Back in mid-April, NBA fans, and the rest of the world, last saw Kobe Bryant cringing in pain after he’d just torn his left Achilles’ tendon.
And now, nearly seven months later, Bryant has been given medical clearance to resume all basketball activities.
For the Lakers, this news couldn’t come at a better time. They’re currently circling near the bottom of the Pacific Division with a 5-7 record as of Monday. Their play has been erratic, hectic and sometimes, downright awful. In other words, they hardly resemble the team that is barely three years removed from its 16th NBA Championship.
For Bryant, his arduous and unpredictable rehab, has cast a different image on one of the NBA’s most indestructible players. Bryant has always had one of the league’s highest pain thresholds. He’s played through ankle sprains, muscle pulls and other various ailments. Unfortunately, for Bryant and the Lakers, this is one injury that he couldn’t play through.
Both parties are broken, battered and bruised.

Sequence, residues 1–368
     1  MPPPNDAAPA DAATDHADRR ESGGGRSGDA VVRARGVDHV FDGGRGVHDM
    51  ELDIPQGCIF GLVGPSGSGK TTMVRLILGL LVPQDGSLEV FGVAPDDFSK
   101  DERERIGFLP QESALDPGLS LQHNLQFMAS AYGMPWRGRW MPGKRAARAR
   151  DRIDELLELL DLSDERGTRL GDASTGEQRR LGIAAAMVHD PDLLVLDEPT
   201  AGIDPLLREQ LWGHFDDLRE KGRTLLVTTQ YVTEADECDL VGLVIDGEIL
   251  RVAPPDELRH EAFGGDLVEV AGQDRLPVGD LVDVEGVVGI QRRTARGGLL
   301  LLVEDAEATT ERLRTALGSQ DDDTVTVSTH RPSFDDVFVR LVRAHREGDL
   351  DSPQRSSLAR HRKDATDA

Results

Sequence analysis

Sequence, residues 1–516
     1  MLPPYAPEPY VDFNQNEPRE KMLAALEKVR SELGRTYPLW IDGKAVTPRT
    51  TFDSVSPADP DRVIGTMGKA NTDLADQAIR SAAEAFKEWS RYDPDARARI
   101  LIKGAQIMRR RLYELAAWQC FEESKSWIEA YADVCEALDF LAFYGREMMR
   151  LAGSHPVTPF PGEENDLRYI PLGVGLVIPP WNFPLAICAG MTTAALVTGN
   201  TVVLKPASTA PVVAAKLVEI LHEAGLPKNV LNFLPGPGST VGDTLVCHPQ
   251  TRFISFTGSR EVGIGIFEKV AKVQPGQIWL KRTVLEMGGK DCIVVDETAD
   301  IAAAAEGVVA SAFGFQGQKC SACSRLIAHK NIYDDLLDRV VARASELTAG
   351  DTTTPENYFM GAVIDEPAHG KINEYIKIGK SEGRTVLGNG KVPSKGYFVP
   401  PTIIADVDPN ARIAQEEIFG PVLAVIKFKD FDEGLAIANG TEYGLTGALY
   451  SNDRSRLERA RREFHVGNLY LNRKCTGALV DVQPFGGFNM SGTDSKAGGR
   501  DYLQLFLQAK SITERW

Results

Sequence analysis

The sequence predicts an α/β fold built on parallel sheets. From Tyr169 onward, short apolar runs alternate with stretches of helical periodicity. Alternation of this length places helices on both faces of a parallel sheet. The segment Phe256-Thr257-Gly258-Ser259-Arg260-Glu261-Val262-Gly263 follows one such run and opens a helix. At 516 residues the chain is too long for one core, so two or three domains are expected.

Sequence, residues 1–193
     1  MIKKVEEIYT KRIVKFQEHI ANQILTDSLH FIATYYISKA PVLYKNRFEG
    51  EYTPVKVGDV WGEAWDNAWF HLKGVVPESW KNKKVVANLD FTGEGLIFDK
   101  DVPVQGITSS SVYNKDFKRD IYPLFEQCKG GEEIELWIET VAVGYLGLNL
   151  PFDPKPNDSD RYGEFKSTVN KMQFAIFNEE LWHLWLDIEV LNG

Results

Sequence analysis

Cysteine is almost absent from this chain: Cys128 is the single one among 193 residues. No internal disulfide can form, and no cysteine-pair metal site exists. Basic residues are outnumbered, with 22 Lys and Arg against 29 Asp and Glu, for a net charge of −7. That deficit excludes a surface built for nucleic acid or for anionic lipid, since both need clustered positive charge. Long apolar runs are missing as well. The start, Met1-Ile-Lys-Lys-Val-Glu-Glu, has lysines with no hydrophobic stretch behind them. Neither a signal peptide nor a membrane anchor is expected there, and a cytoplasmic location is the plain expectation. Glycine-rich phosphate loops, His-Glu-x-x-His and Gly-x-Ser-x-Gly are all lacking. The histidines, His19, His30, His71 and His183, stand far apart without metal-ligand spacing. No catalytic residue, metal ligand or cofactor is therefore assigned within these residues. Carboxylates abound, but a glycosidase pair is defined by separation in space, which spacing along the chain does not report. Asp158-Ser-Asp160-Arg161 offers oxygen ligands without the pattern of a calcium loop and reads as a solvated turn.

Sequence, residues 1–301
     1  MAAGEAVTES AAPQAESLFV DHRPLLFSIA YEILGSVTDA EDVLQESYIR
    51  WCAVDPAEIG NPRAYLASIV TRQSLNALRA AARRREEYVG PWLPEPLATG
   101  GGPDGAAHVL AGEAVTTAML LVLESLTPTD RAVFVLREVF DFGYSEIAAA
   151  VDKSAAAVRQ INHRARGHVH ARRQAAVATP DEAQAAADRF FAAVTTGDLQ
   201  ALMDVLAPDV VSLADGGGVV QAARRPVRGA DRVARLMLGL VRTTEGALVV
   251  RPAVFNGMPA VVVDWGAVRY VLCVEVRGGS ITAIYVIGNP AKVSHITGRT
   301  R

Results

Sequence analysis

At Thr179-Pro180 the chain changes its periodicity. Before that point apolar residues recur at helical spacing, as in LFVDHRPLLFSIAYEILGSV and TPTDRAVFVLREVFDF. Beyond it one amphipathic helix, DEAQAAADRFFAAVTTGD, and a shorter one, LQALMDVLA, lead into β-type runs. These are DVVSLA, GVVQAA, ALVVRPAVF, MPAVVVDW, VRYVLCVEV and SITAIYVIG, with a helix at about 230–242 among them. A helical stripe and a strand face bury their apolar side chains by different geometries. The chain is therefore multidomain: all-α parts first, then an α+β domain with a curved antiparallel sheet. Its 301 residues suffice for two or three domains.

Even though Bryant hasn’t decided when he’ll make his 2013 debut, when he does eventually return, will he really be able to carry the Lakers back into the ranks of the elite of the Western Conference?
The Lakers team that Bryant will be returning to resembles a collection of D-League and Summer League castoffs: Xavier Henry; Nick Young; Jordan Hill; Wesley Johnson. Other than reserve guard Jordan Farmar, Pau Gasol is the only remaining link to the Lakers’ glory years.
Regardless of how good or bad they are the Lakers will quickly find out if they got the old Kobe back, or a facsimile of him.
Even before his injury, Bryant started to show signs of mortality. His shot was still deadly, but his quickness had clearly slowed down. Mentally, he remained as strong as always, with a resolve that drew yet more comparisons to Michael Jordan.
Now, we’re going to find out if the mental resolve that has made Bryant one of the NBA’s greatest closers will prevent him from returning to form.
He’s never been through an injury like this before. He’s been so used to being indestructible, that he hasn’t had to adapt to major injuries. The major injuries have always had to adapt to him.
More than likely, Bryant will return with the same flair and panache that he’s always played with. Sure, there’ll be some rust visible in his game. He hasn’t played since April.
For the Lakers, they’ll need Bryant at or near 100% if they expect to be contenders in a competitive Western Conference.
Unfortunately, for Bryant, he’ll need a better Lakers team than the one that currently resides at the Staples Center.Back to the Los Angeles Lakers Newsfeed